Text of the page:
Maybe you’ve also felt it… that mixture of pressure and hope when you’re finally face-to-face with the other parents. It could be a school event or just a moment on the playground when your kid’s playing with another kid and their mom or dad is suddenly right there next to you.

Will they like me enough to want to be my friend? I used to ask myself. Will I finally have someone to talk to at these (birthday party, parents’ night, soccer game, afterschool program) things? I used to see other parents happily greet each other and launch into animated chit-chat with a familiarity that eluded me. I wondered what was wrong with me when it didn’t happen, and—I admit it—even speculated that one parent had formed a bad impression and then spread the word.

I wasn’t overthinking. I wasn’t exaggerating. The other parents were polite on the surface but ditched me the minute something better—i.e., anybody else they knew—came along. “Okay, gotta go!” a mom once said as she headed off in the same direction I was walking, crossing the street in a lame effort to appear to be going elsewhere.

Admittedly, my biggest worries centered around my kids being left out of things because their mom wasn’t in with the neighborhood parents, but that was the intellectual part; the emotional me, the non-mom-and-still-very-human me, was just feeling hurt.

But here’s the part that took a while to sink in: I didn’t like them any more than they liked me. I wasn’t dying to hang out with them because they seemed interesting; I just didn’t like that feeling of being left out. Those parents weren’t going to do an about-face and start including me in their playground conversations, walks, or coffee plans, but did I really want them to? My ego sure did, but my heart did not.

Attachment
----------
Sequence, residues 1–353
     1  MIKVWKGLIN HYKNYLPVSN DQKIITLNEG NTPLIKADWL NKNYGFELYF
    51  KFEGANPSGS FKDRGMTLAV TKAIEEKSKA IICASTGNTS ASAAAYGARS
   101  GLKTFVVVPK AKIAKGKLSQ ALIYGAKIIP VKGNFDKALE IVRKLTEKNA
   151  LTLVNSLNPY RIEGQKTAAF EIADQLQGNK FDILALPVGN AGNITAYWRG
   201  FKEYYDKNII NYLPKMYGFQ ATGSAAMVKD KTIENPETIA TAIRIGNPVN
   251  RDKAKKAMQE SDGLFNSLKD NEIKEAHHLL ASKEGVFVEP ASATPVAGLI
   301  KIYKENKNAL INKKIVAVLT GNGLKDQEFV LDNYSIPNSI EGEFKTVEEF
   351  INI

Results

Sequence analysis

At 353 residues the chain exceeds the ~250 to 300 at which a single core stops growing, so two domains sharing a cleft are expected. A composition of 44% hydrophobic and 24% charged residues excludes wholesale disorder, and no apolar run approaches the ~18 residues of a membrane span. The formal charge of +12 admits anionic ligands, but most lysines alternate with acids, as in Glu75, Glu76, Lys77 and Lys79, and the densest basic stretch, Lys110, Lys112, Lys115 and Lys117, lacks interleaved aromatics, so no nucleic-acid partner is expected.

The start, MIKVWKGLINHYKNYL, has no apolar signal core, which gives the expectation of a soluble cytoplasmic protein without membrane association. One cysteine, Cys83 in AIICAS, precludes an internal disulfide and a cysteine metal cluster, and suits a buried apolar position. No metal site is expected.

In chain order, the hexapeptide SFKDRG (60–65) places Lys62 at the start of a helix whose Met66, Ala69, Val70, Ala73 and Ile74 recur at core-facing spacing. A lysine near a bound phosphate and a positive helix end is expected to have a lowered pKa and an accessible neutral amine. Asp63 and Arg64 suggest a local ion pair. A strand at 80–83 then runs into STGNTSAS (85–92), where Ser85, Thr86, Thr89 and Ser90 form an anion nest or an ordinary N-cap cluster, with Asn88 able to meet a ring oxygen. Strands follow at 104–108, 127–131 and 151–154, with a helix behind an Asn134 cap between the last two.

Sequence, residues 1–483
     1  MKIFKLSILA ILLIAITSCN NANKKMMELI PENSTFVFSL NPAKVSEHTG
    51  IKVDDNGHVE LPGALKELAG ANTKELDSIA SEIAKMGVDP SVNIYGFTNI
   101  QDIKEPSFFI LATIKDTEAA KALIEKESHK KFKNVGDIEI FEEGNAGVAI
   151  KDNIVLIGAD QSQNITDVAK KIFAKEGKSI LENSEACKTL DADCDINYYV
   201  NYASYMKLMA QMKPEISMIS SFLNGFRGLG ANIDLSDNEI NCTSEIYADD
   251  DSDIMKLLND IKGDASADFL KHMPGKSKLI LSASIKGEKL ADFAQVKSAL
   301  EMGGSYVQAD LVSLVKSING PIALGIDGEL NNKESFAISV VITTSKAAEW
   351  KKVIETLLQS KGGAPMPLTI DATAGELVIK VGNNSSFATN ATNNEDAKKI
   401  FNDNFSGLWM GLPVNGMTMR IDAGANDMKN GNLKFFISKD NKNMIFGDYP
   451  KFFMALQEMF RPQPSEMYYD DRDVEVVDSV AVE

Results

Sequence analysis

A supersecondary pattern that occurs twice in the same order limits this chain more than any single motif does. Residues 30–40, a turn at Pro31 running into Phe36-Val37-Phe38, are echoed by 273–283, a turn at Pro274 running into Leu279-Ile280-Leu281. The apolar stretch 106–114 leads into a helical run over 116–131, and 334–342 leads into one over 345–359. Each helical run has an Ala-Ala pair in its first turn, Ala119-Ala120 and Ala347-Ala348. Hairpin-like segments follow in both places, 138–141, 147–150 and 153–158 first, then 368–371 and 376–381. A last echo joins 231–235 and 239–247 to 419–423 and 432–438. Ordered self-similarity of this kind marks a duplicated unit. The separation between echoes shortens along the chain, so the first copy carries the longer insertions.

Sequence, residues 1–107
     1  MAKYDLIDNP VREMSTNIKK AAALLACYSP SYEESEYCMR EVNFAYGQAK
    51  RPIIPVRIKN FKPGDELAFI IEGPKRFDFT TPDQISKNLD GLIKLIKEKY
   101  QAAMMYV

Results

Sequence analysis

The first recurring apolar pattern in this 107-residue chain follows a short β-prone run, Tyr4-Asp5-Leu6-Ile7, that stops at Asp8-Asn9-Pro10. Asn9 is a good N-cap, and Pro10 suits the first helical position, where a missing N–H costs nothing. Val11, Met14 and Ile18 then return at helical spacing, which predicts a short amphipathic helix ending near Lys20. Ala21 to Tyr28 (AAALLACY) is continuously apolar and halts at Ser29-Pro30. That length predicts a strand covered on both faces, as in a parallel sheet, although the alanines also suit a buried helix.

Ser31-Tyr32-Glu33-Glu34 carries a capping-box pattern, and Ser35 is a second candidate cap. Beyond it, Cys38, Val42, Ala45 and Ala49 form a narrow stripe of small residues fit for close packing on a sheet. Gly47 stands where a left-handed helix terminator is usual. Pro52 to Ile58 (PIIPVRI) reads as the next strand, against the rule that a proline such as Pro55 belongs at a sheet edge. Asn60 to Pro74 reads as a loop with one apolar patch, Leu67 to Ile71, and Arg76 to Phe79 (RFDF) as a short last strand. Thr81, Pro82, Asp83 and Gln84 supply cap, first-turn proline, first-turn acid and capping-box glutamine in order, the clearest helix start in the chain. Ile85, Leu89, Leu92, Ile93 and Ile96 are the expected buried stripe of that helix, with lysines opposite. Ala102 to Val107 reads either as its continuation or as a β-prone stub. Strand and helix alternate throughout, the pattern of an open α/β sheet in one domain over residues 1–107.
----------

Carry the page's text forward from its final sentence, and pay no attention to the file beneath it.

So I let it go.

Long before I became a parent, I was already a person, and that person had plenty of friends. They didn’t abandon me when I had my first kid, even though most of them weren’t doing the same just yet. Sure, I couldn’t go out on the fly anymore, but they understood that and were still right there, on the phone or by email, and even in my presence. We could still get together; I could bring the baby (or later, the kids) along. They came to me to make it easier, or they picked a meeting place that was baby-friendly enough to make it work. Best of all, they wanted to talk about things other than being parents, because—news flash—so did I.

Sure, I was eager for info about baby-raising, but dammit, I also still wanted to talk about movies and music and books and family and career stuff and feelings and fears and funny things that happened and the usual array of weird thoughts that went through my head. And let me tell you something: Once you give up the idea that your kids’ friends’ parents have to be your friends, it’s incredibly freeing. You don’t feel like you’re being tested all the time, you stop feeling judged, and the pressure is off to hang out with people you don’t have a real connection with. If that connection is there, great. Enjoy! But if it isn’t, don’t sweat it.

Related: Surviving Motherhood Without Mom Friends

It’s not like I didn’t make any mom friends. One of my nearest and dearest is someone I met because our kids played together, and there were a few others, but we gravitated toward each other the same way you do with people at work, instead of under the pretense that having kids the same age was enough.

I’ve been lucky to have met extraordinary people throughout my life of all ages and backgrounds and found true friends: the ones you can call for advice, ask for help, offer to help without offending, laugh ‘til you cry with, and most of all, tell the truth to. My friends who are also parents aren’t afraid to admit their struggles, to ask what to do when their kids are floundering, or to joyfully celebrate when they aren’t. Those petty resentments I saw on the playground, the snobbery and the cliques, those don’t exist among my friends, since the reason we spend time together is that we actually like each other.

What a concept.

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